Loading of an Anaerobic Packed Bed for Treatment of a High Strength Gray Water

In preparation of long-duration manned space flight, biological treatment systems have been evaluated for mission specific waste streams consisting of a high-strength gray water. The purpose of the work was to determine the appropriateness of using nitrification and denitrification to treat the urine-humidity condensate waste stream and to determine the optimal loading rate for the bench scale treatment system. Biological treatment of the high strength graywater was kinetically and stoichiometrically limited. Due to the low C:N ratio of this wastewater (0.85:1), biological treatment at long HRTs is stoichiometrically limited and may be overcome by adding alkalinity to improve nitrification efficiency and organic carbon to improve denitrification efficiency.

Currently, manned space missions like the International Space Station (ISS) are not selfsufficient as far as their water supply is concerned and rely upon multiple shuttle missions for resupply. Owing to the extensive use of light-weight materials in space missions, water is one of the heaviest materials used during a mission, making shuttle resupply extremely expensive propositions, as it is estimated that 1 liter of water supplied to the International Space Station (ISS) costs $ 20,000. The cost of resupply increases in direct proportion to the duration of the mission and the payload weight, which has severe monetary implications. Current conditions emphasize the need for developing more efficient environmental control and advanced life support systems for onboard conversion of wastewater to potable water, making these long-term space missions self-sufficient. This has led to the recent emphasis on the development of waterrecycling systems for space missions.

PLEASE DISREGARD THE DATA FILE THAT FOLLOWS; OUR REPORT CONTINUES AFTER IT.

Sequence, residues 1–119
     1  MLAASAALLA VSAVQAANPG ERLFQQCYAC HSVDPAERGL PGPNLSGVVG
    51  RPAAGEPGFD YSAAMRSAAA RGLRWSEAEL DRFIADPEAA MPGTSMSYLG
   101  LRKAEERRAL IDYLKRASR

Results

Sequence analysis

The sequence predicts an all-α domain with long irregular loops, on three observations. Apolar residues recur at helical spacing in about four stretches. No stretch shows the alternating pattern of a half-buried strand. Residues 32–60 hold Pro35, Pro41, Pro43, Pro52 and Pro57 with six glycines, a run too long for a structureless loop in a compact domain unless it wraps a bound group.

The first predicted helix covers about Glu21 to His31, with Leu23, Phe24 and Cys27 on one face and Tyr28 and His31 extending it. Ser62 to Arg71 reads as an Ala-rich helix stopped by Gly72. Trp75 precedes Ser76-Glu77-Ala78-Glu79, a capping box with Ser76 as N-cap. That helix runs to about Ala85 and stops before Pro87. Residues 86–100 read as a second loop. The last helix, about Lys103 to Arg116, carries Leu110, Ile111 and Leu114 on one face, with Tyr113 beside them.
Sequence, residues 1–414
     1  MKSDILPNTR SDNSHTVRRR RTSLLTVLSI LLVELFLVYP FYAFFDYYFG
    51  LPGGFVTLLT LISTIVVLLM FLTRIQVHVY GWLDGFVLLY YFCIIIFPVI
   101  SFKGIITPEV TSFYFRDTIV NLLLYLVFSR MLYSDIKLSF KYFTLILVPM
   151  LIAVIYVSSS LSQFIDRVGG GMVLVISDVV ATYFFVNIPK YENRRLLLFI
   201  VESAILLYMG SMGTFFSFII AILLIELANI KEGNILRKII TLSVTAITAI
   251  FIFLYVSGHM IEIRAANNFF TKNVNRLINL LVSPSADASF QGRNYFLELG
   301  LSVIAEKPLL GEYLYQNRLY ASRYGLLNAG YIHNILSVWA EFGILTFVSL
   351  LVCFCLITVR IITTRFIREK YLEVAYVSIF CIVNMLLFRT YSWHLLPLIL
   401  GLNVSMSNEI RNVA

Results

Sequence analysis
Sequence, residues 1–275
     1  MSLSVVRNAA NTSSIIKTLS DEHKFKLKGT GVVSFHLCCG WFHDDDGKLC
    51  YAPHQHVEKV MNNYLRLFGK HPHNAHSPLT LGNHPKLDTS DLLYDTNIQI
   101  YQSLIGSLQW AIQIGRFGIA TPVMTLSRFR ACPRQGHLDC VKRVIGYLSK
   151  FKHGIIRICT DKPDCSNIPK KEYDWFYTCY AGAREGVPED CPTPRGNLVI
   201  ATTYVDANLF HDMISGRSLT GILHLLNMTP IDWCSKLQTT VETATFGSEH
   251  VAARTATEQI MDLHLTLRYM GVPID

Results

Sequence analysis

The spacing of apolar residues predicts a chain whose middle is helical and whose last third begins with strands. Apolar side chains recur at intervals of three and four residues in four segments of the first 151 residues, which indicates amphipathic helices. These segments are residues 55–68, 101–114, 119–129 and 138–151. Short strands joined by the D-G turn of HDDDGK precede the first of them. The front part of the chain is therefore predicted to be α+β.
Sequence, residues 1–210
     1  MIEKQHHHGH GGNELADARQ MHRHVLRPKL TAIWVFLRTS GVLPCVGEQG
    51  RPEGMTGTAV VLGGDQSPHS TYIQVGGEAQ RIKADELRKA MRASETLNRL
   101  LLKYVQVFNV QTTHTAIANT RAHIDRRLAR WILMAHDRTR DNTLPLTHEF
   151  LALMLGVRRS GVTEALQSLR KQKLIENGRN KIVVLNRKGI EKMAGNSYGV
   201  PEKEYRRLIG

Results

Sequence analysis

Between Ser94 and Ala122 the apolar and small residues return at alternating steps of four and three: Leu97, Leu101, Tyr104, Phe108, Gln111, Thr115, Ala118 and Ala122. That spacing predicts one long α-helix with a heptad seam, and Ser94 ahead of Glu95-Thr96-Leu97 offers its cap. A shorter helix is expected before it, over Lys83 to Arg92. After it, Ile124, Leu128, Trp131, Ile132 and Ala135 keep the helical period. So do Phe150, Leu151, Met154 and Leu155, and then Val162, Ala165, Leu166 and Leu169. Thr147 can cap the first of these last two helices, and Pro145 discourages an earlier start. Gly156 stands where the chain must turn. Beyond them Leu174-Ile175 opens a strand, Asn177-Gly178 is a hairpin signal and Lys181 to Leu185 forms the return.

Considerations in the design of water reclamation systems in space include shelf life, resupplyreturn logistics, crew time needed for maintenance, energy requirements to operate the system, launch weight, and stowage volume. Currently, two different processes train philosophies are under investigation for the appropriateness for long-duration space missions such as a lunar base or a trip to Mars. One approach consists of an integrated biological/physicochemical system, while the other approach consists of a purely physicochemical treatment processes.

Biological treatment has several advantages over physicochemical treatment methods (i.e., reverse osmosis, ion exchange, distillation, etc.) including: [1] less energy inputs; [2] minimal use of expendables such as ion-exchange resins and reverse osmosis membranes, reducing payload requirements; [3] minimal wastes produced that require storage and handling until final disposal; and [4] minimal chemical additions to augment treatment efficiency, further reducing payload requirements. When used in this capacity, biological treatment systems have the advantage of significantly reducing the load on downstream physicochemical treatment processes. Physiochemical systems will be required to treat the biologically treated wastewater to potable water standards; however, the size of the physiochemical units will be significantly reduced as the contaminant concentration is reduced during biological treatment.